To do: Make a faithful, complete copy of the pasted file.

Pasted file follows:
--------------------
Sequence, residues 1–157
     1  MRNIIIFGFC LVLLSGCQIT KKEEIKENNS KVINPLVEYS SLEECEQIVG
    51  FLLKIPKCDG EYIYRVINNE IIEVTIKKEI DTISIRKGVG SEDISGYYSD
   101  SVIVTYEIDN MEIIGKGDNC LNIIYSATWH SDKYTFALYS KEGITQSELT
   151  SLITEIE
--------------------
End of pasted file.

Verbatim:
Sequence, residues 1–157
     1  MRNIIIFGFC LVLLSGCQIT KKEEIKENNS KVINPLVEYS SLEECEQIVG
    51  FLLKIPKCDG EYIYRVINNE IIEVTIKKEI DTISIRKGVG SEDISGYYSD
   101  SVIVTYEIDN MEIIGKGDNC LNIIYSATWH SDKYTFALYS KEGITQSELT
   151  SLITEIE